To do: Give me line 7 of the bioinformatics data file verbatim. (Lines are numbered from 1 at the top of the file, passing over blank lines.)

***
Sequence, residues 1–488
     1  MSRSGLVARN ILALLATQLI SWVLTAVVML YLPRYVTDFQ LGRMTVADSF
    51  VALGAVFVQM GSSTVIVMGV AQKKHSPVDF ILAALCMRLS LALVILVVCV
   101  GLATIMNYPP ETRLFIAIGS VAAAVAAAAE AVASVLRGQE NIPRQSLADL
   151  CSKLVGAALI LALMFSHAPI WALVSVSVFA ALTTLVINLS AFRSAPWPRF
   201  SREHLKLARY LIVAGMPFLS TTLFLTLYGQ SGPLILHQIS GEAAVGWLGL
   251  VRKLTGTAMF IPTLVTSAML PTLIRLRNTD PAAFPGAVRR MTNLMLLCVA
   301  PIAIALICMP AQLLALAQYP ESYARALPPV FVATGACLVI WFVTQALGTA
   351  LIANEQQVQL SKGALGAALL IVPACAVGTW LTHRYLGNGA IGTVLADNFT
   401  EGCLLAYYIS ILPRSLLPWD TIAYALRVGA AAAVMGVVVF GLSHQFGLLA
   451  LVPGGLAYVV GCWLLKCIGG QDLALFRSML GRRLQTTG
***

   251  VRKLTGTAMF IPTLVTSAML PTLIRLRNTD PAAFPGAVRR MTNLMLLCVA